January 2024 consumer inflation: still a tug of war between gas and housing

January 2024 consumer inflation: still a tug of war between gas and housing

 – by New Deal democrat

As it has been for going on two years, consumer inflation has boiled down to a contest of strength between energy (mainly gasoline), which peaked in June 2022 and roughed in June 2023, and housing, which peaked in early 2023 and has been gradually disinflating since.

The headlines, as you presumably already know, are that total inflation rose 0.3% in January, and 3.1% YoY, while core inflation (less food and energy) rose 0.4% for the month and 3.9% YoY.

To spare you a bunch of graphs, here is the Census Bureau’s spreadsheet. Go down the column at the far right and it is easy to see where the remaining problem areas are:

The only sectors still up over 4% YoY are food away from home, transport services (mainly repairs and insurance), and – still – housing. The former problem areas of new and used vehicle prices are only up 0.7% and down -3.5% YoY respectively. Here’s what the first two remaining problem children look like YoY:

Inflation in food away from home is still gradually disinflating, although it is still running about 2% above its YoY rate before the pandemic. Transportation services, however, have stopped decelerating for over half a year. Some of this may be due to the reputed consolidation in the auto repair industry, where the remaining players have more pricing power. Some is undoubtedly also due to the fact that there is still a 5-10 million vehicle “hole” in cumulative new vehicle production since the pandemic hit, meaning there are many more older vehicles on the road, and those vehicles need increasing repairs.

To show the effects of the tug of war between energy and housing, below are the YoY% increases in headline inflation (which has been bouncing around between 3.1% and 3.7% for over half a year, core inflation, which has been very gradually trending downward, energy (now down -4.6% YoY, /3 for scale), and CPI ex-shelter, which is up only 1.5% YoY:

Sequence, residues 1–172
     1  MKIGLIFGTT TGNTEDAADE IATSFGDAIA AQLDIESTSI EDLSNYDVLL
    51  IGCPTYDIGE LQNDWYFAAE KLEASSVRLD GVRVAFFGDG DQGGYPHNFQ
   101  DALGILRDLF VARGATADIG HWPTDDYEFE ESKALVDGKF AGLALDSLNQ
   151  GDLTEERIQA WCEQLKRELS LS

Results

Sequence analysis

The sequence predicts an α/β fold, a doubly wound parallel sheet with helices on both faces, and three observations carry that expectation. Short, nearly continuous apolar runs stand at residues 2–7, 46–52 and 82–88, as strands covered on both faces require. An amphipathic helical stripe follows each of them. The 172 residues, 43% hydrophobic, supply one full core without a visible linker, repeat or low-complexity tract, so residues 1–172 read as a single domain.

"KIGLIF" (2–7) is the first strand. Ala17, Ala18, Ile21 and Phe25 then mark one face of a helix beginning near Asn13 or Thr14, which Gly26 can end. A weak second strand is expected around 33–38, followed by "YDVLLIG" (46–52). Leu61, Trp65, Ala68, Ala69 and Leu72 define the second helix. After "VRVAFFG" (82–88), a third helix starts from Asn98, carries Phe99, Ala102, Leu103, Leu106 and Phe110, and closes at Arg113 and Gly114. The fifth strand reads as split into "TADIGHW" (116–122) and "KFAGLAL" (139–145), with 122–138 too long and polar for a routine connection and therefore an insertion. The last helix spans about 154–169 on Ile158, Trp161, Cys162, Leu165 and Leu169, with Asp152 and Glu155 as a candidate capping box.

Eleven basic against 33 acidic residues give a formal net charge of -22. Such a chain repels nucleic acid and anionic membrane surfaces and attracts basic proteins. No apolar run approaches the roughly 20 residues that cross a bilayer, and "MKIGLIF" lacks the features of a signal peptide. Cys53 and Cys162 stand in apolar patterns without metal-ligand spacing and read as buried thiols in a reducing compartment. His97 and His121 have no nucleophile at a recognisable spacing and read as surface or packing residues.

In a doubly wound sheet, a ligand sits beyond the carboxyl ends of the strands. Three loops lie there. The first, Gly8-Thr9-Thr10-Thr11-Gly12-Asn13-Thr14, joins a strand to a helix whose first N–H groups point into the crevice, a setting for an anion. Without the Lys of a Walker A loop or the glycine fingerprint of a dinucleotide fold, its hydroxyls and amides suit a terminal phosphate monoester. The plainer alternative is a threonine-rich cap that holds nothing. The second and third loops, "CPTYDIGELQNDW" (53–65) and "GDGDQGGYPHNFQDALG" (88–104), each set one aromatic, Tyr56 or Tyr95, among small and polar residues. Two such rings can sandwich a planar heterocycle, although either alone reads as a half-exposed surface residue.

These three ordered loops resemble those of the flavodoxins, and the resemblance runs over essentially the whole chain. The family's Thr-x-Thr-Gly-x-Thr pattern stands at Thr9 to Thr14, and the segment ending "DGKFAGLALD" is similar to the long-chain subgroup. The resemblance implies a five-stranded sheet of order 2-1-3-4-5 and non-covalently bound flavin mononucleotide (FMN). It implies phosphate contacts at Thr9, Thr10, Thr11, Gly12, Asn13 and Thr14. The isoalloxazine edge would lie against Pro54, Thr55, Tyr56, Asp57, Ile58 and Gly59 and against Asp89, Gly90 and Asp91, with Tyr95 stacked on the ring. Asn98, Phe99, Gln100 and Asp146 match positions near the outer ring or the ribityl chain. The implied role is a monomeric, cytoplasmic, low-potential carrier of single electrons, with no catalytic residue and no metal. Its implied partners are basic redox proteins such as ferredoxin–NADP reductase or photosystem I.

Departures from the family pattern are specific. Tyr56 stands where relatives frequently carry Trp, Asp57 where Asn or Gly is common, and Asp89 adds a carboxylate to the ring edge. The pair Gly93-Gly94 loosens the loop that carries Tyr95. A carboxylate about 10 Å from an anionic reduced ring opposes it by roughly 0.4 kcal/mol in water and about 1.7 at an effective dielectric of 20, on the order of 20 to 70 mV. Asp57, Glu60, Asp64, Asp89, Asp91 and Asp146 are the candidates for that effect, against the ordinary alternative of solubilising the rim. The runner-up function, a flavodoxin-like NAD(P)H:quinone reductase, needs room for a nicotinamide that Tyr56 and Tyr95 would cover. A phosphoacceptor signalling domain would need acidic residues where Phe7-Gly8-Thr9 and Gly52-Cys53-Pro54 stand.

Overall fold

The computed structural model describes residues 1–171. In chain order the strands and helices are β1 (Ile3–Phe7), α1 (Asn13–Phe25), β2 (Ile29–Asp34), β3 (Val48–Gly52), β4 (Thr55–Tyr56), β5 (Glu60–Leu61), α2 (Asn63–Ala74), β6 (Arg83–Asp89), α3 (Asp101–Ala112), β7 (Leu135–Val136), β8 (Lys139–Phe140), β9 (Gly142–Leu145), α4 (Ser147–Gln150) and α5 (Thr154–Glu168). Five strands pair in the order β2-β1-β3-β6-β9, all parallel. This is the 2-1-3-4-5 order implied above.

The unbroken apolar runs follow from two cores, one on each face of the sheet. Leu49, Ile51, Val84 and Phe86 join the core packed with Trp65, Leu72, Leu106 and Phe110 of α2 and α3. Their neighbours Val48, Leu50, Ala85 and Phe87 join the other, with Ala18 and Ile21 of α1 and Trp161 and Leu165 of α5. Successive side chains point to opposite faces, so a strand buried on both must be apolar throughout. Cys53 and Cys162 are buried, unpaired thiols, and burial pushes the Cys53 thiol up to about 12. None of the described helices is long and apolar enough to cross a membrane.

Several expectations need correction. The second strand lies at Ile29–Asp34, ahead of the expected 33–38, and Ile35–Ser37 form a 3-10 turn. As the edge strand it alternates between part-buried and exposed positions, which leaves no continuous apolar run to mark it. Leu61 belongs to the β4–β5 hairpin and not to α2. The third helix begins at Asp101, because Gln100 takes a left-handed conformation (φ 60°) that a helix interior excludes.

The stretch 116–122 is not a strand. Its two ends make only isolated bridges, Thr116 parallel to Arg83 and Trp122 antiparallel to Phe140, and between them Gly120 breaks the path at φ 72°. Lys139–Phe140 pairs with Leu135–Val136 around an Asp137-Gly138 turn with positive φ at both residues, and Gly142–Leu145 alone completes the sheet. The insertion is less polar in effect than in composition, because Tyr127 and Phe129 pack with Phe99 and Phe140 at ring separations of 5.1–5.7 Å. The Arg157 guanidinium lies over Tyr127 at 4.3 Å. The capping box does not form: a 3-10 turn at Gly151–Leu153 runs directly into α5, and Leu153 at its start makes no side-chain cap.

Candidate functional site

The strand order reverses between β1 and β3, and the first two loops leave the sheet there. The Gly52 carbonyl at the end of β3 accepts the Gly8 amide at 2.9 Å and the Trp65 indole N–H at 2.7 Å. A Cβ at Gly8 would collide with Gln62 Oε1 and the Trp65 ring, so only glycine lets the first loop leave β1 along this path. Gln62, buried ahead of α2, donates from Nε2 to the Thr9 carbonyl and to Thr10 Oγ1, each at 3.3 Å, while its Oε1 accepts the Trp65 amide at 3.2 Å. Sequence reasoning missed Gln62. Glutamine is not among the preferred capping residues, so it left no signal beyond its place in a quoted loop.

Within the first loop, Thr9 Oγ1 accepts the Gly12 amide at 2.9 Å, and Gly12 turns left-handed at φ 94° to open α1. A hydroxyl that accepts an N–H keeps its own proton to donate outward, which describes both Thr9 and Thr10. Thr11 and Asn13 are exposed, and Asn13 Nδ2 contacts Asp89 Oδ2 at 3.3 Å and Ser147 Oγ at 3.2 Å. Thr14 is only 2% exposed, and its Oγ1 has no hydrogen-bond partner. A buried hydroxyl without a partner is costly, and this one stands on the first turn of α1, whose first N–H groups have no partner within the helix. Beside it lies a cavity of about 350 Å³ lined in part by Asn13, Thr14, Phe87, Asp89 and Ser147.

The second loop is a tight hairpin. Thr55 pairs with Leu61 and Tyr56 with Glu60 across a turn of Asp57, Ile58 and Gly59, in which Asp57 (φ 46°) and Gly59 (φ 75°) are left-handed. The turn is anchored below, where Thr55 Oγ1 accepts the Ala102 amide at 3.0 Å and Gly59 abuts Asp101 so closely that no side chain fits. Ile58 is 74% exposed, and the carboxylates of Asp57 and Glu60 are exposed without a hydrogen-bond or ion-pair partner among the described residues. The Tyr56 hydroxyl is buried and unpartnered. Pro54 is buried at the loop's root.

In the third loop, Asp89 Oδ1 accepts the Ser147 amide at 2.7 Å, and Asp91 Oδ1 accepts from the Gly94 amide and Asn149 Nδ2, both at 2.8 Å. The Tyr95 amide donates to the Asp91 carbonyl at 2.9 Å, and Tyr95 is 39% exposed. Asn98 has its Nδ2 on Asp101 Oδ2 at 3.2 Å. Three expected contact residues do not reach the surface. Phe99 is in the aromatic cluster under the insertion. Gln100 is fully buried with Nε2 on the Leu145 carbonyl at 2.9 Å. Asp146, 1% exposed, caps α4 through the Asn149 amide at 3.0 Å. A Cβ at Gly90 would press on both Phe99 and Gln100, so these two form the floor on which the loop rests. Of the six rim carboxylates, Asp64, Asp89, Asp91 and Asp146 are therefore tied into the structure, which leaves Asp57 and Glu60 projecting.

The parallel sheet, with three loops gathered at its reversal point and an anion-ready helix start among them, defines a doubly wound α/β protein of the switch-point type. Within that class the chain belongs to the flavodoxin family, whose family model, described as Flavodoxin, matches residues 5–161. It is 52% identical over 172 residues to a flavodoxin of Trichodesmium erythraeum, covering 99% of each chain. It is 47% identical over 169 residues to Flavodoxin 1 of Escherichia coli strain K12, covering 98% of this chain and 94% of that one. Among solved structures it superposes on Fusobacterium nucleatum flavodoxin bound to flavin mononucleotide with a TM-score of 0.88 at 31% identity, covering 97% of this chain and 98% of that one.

Once again, the only *real* inflation problem boils down to shelter.

Because an issue has been made by a few people about whether series like the Apartment List National Rent Index have been giving a true leading reading, here is the latest on that metric:

And here are the monthly% (blue, right scale) and YoY% (red, left scale) changes in the CPI for rent of primary residence:

Before the pandemic, monthly changes in rent typically were in the +0.2% to +0.4% range. Monthly rent just entered that range again, at 0.4%, in January. Similarly, YoY rents typically increased about 3.5%. In January, they were still at 6.1%, but the decelerating trend is very much intact. There is every reason to expect this decelerating trend to continue, and if it does so for the next nine months at the rate it has in the past nine months, YoY rent in the CPI will be about 3.4% – right in the middle of its pre-pandemic range.

Finally, here is this month’s update of the graph comparing house prices as measured by the FHFA Index (/2.5 for scale) with CPI for shelter; first, the long term historical view:

And here is the pandemic era close-up:

Although house prices have resumed increasing in the past half year, the pace of those increases is in line with their pre-pandemic trend. Which is to say that, although the pace of deceleration has itself decelerated, downward pressure is continuing on the CPI shelter index. And although CPI for shelter increased 0.6% in January, and is still up 6.1% YoY, that remains its lowest YoY increase since July 2022.

In other words, if there are no unpleasant surprises awaiting in the months ahead as to gas prices, we can expect headline inflation to continue to be fairly stable, and shelter to continue disinflating, leading to gradually lower core inflation readings as well.

Completing the housing market picture for November, sales decline bigly, and prices remain down YoY, Angry Bear by New Deal democrat

As vehicles and outdoor appliances become increasingly electric, long term gas usage – and “real” prices – decline, Angry Bear, by New Deal democrat